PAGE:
Book Review: The Planet Factory
The Planet Factory is a guide to real-life Tatooines, planets made of diamonds, and possible Earth twins. It’s a story 3,439 stardust babies!
Title: The Planet Factory
Author: Elizabeth Tasker
Publisher: Bloomsbury Sigma
On sale: Sept. 7, 2017 in UK; Nov. 7, 2017 in USA
Best for: Enthusiastic 17-plus-year-olds, readers interested in popular science and space
Exo is the new black
The Planet Factory is a guide to real-life Tatooines, planets made of diamonds, and possible Earth twins.
Since the 1995 discovery of the first planet outside the solar system, exoplanetology has become one of the most in-vogue scientific fields, and while thousands of exoplanets have been found since, the anticipation of finding a new Earth shows no signs of waning. The Planet Factory is the story of those 3,439 (and counting) stardust babies and how they have upended our notions of how planets are formed. And planet formation, of course, is intimately tied to the possibility of extraterrestrial life.
So is anyone out there? To answer that, The Planet Factory first takes us back in time––way back, nearly five billion years ago to the birth of our own planet. A veritable factory of forces churned out the orderly solar system we know today, with our hospitable Earth at just the right distance from the sun; but the process could have just as easily descended into a runaway Rube Goldberg reality that the book paints as “a burning-hot world with an 18-hour year, enveloped in a liquid-like gas on an orbit that slowly flips over.” Our tour guide to such dangerous planets is Elizabeth Tasker, an associate professor at the Japan Aerospace Exploration Agency, who introduces the rocky ancestry of Earth and the solar system before quickly plunging into the dance of gravity and light and time that got us here. Awe-inducing massive forces conspired to bring forth the very ground beneath our feet, and this trick has taken place around every single star we can see, though not necessarily with as spectacular results (assuming sentient life is spectacular).
Bringing planets to the people
Tasker leads the reader by the hand into conventions such as planet naming that might otherwise be opaque to non-astrophysicists, and her conversational tone, witty footnotes, and abundant use of metaphor propel the text forward. As the title and book jacket suggest, planet building is one of the universe’s biggest construction projects, but instead of developing the factory analogy, Tasker likens dust and gas to Lego bricks and glue sticks, or other everyday but unorthodox craft materials including cat fluff (with which, named as @girlandkat, we assume she is all too familiar). Elsewhere, Tasker plays the planetary forensics expert, using the laws of physics and the stellar equivalent of blood-spatter analysis to locate elusive entities––hello, Planet X!
The Planet Factory is split into three major themes: the making of planets and the solar system, a catalog of weird and wacky exoplanets, and hitting the planetary sweet spot for life. The latter section is definitely of greatest interest to those seeking astrobiology pop science and a call from E.T., while the first two sections are heavier on textbook-level details in physics that may leave the casual reader feeling alienated (pun intended). It’s no mean feat to compress billions of years and colossal disks of gas and dust into a few hundred pages, though. Ending up with a livable rock, it turns out, is highly unlikely, and there are obstacles at every step of the planet formation process, but Tasker lays out the mechanics plainly and engagingly. Readers interested in the properties of exoplanets will appreciate the meticulous inclusion of surface temperatures, masses, orbits, and other details, and narrative links to various space probes and fictional planets like Star Wars’ Tatooine help to trigger the imagination and offset the sparse visuals in The Planet Factory.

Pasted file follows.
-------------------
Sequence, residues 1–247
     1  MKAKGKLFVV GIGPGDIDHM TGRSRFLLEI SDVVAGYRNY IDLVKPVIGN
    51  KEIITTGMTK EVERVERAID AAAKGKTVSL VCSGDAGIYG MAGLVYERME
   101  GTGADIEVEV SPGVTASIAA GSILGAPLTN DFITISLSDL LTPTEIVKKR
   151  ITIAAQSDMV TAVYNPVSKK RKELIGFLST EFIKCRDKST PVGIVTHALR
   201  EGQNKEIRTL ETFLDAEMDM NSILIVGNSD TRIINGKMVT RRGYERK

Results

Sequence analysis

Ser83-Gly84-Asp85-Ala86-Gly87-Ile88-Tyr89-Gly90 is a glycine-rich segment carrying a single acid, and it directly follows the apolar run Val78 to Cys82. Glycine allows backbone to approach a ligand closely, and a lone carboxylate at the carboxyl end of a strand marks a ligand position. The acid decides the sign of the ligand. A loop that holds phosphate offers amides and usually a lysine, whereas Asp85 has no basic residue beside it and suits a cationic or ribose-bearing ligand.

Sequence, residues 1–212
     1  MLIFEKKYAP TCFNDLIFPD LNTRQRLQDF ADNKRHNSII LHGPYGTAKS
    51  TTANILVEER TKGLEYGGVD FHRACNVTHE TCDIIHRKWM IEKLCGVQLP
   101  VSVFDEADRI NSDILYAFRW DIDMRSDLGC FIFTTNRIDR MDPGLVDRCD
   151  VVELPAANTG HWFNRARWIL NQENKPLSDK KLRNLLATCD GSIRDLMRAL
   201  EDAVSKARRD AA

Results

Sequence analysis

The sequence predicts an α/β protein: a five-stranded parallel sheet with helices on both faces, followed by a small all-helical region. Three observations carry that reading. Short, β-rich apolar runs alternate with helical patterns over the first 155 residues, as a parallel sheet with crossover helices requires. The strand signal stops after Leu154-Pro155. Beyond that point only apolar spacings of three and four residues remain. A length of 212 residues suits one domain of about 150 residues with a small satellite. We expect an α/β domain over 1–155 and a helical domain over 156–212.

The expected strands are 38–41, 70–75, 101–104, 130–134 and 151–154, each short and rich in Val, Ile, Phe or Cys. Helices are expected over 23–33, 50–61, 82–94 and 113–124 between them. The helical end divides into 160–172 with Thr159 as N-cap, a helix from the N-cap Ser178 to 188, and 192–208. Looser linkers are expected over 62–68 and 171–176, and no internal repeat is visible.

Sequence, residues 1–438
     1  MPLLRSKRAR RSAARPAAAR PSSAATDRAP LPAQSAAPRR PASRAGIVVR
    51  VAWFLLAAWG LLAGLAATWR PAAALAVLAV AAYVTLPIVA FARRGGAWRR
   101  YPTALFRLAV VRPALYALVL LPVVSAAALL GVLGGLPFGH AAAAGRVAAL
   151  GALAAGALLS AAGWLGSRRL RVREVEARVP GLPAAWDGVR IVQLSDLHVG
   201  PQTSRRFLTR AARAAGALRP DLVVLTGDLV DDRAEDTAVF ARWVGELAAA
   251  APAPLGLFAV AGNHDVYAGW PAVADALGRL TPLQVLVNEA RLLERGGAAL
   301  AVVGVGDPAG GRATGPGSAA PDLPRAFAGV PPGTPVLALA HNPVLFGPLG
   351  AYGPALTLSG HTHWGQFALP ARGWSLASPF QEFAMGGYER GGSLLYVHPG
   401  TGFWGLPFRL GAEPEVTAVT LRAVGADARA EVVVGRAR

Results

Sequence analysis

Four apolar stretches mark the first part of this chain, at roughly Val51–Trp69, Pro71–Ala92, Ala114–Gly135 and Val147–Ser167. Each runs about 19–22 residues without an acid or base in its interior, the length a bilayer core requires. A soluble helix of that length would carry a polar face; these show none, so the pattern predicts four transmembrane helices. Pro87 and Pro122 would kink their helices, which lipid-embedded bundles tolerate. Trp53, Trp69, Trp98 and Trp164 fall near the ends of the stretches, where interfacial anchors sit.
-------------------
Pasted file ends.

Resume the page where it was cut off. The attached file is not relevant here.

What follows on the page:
Tasker has definitely overdosed on Earth 2.0 hype, and the book’s final section on Goldilocks worlds reflects a tempering of expectations to avoid feeling “perpetually cheated” every time a new exoplanet discovery is announced: “An Earth-like size and a Sun-like star are not sufficient to make our home planet,” she declares. Exomoons, however, may be a more solid bet––if only we could find them! In the meantime, take Elizabeth Tasker’s advice: don’t pack your suitcase for a second Earth anytime soon.*
*Also, your suitcase will probably melt.
About the author
Elizabeth Tasker is an astrophysicist specializing in computational models of how stars and planets form in our galaxy. After a degree in theoretical physics, she went on to complete her doctorate at Oxford before moving to the United States and Canada for postdoctoral research positions. In 2011, she became an assistant professor at Hokkaido University in the north of Japan, and moved to the Japanese Aerospace Exploration Agency (JAXA) as an associate professor in 2016.
Elizabeth has been a keen science communicator for many years, dating back to winning the Daily Telegraph Young Science Writers Award in 1999. Since then she has written for Scientific American and Astronomy Magazine, as well as blogs on sites that include Nautilus, the Conversation, and space.com.
Amanda Alvarez is a science writer living in Japan. She received her PhD from the University of California, Berkeley. @neuroamanda
Alvarez, A. (2015, May 30). Global warming may be key to finding E.T. Apostilb.